As we mentioned recently, this Thursday, February 4 there will be a crucial hearing on the apartment buildings around the Congress Heights Metro. We need to pack the hearing room to show that we will not tolerate slum conditions or displacement. We also need as many people as possible to testify to show how important an issue this is to you. Don't forget to RSVP and let us know you will be there Thursday evening, and to sign up to testify!
As promised, please find below some talking points to help you craft your testimony:
1.) The Tenant Opportunity to Purchase Act (TOPA) requires landlords in D.C. to provide tenants the opportunity to purchase the rental building they occupy before the landlord is allowed to demolish or sell it to anyone else. However, as it currently is written, TOPA allows landlords to sit on buildings that they plan to demolish or sell for an unlimited amount of time, during which tenants are often forced from their homes due to slum conditions or other means. This allows the landlord to effectively avoid giving tenants their TOPA rights, which is what has been happening to the tenants at Congress Heights for the past several years.
TOPA must be reformed so that slumlords like Sanford Capitol are not allowed to constructively evict tenants and force them out of their units. The D.C. Council can and should amend the Tenant Opportunity to Purchase Act to create a reasonable timeline by which TOPA notices must be issued. To be most effective, such a law should include a “trigger” that starts the process of issuing TOPA notices within six months of the Zoning Commission’s approval of a project.
The D.C. Council must pass emergency legislation to this effect immediately and should make such legislation retroactive. This would allow relief for tenants at Congress Heights and around the District to prevent displacement and the perpetuation of slums.
2.) Sanford’s behavior is deplorable and intentional. They are clearly trying to force out Congress Heights tenants to minimize the number of affordable units required at the property. In other words, Sanford Capital — a known slumlord with many properties across D.C. — is forcing people to live in deplorable conditions purely to enhance their profit margin.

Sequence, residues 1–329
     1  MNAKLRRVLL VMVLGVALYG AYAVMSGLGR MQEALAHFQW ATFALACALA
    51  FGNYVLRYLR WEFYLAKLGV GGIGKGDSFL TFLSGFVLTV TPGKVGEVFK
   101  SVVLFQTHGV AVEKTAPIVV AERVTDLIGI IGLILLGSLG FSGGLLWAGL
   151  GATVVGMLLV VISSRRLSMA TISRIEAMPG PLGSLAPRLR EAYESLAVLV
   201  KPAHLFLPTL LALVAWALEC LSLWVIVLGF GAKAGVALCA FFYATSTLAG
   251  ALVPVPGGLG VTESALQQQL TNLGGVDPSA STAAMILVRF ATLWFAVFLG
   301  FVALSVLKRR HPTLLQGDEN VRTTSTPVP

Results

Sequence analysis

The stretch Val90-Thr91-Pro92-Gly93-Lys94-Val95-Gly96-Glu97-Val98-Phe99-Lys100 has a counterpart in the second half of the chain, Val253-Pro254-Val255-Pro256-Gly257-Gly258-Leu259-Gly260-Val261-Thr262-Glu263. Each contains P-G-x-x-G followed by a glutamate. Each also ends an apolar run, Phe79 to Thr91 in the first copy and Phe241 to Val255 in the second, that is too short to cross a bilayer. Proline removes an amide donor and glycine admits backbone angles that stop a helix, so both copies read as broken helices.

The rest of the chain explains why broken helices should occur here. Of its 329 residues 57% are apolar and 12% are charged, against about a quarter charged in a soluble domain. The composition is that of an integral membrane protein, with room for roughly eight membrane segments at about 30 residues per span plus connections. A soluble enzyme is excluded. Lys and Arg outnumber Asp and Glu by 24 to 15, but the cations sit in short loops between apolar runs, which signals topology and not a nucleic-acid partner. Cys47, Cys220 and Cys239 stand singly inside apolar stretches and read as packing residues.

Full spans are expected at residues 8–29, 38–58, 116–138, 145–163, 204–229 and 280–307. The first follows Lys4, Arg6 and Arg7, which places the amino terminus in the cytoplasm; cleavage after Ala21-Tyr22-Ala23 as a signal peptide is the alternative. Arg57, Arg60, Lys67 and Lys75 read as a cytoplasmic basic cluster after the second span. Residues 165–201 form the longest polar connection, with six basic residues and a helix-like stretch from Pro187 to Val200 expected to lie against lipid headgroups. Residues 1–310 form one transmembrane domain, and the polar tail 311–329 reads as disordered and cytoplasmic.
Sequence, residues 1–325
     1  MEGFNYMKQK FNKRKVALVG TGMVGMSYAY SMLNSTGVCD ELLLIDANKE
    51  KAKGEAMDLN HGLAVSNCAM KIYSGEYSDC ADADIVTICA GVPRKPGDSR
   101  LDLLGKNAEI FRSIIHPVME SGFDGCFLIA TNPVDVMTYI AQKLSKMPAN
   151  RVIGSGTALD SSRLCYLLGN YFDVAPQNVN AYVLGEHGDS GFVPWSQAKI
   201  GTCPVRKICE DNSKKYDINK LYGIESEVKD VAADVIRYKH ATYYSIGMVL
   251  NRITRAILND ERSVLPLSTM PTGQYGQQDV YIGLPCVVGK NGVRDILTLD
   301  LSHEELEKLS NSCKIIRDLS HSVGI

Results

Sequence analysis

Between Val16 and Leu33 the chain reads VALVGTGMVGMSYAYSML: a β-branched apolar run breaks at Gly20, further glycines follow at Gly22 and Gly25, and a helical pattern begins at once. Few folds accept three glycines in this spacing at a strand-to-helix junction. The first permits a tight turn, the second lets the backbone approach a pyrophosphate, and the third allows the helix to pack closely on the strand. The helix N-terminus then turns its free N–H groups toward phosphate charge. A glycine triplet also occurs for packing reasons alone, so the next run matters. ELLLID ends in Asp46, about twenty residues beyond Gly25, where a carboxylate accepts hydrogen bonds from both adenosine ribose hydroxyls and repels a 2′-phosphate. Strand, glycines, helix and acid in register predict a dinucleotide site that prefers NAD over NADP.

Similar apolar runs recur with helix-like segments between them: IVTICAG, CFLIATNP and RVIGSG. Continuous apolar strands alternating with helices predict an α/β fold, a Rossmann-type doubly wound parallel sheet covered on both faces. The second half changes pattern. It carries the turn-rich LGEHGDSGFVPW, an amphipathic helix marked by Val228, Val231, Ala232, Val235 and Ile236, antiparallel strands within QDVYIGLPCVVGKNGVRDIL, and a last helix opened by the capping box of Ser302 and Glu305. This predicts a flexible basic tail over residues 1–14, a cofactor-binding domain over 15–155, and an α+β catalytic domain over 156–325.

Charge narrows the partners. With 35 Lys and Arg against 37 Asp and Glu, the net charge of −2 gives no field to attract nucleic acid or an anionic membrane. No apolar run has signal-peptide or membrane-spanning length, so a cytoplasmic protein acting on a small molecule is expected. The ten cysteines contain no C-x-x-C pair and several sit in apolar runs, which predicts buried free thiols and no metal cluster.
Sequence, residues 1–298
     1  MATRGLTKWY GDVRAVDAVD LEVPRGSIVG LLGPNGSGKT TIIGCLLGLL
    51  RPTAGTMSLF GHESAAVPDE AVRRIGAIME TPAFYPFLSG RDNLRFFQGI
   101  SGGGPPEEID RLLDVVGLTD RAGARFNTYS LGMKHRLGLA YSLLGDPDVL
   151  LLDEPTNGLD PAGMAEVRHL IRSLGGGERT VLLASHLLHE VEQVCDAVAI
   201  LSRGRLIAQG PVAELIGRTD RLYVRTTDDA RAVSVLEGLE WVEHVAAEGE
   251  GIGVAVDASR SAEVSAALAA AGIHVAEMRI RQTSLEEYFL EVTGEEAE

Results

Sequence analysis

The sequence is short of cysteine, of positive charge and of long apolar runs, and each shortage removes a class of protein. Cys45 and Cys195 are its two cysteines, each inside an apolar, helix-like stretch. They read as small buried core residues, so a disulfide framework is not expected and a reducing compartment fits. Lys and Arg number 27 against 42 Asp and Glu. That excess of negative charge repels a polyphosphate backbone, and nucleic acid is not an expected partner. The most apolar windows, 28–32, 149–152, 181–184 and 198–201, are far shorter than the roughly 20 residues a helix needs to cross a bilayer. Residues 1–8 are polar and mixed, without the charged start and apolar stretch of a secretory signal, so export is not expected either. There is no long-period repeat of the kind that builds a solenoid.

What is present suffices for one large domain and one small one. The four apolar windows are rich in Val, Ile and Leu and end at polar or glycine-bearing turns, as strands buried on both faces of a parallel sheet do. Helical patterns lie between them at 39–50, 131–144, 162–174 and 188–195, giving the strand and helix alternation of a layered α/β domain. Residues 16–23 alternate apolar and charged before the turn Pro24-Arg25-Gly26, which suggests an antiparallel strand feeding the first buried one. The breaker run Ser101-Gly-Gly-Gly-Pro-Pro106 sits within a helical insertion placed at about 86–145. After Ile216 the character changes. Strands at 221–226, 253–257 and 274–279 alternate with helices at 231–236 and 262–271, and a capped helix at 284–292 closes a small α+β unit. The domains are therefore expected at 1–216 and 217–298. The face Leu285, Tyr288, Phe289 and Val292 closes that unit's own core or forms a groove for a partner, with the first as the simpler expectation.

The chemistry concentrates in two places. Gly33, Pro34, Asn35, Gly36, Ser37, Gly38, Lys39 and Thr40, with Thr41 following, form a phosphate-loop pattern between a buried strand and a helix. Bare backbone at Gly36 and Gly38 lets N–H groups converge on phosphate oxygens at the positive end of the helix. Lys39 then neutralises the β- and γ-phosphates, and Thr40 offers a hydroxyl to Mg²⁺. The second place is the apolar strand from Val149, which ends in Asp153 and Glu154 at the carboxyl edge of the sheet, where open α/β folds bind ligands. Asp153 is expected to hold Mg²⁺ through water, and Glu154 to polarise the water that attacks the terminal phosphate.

The D.C. Council needs to pass a “bad actor” law. Landlords with an excessive number of code violations found by the Office of Administrative Hearings (OAH) should be banned from receiving any public monies or tax relief. Any development group containing a partner with code violations, or that was partnered with an entity with code violations, should also be ineligible for the these funds and relief measures. This should apply to both corporate entities and their officers. The ban should be in perpetuity.
3.) Sanford’s actions are criminal in nature and have posed a very real threat to the health and safety of the tenants at Congress Heights. Some of the issues that have been present in the buildings since shortly after Sanford gained ownership of the properties, and that continue to plague tenants today, include: no heat in the winter; raw sewage in the basement; unsecured buildings; rodent and bedbug infestations that are not treated properly; and many other issues.
Again, this reinforces the point that the District must strengthen penalties and enforcement on slum conditions. In particular, the District needs to establish stronger criminal penalties for maintaining slum conditions. Any property placed in receivership for failure to make repairs should open up the executives of said entity to criminal prosecution and jail time.
4.) The D.C. Council should establish a broad “claw back” law. In addition to the potential new enforcement tools mentioned above, any entity that is clearly guilty of constructive eviction of this type should be forced to forfeit any District loans, grants or tax relief on all projects in which they are involved.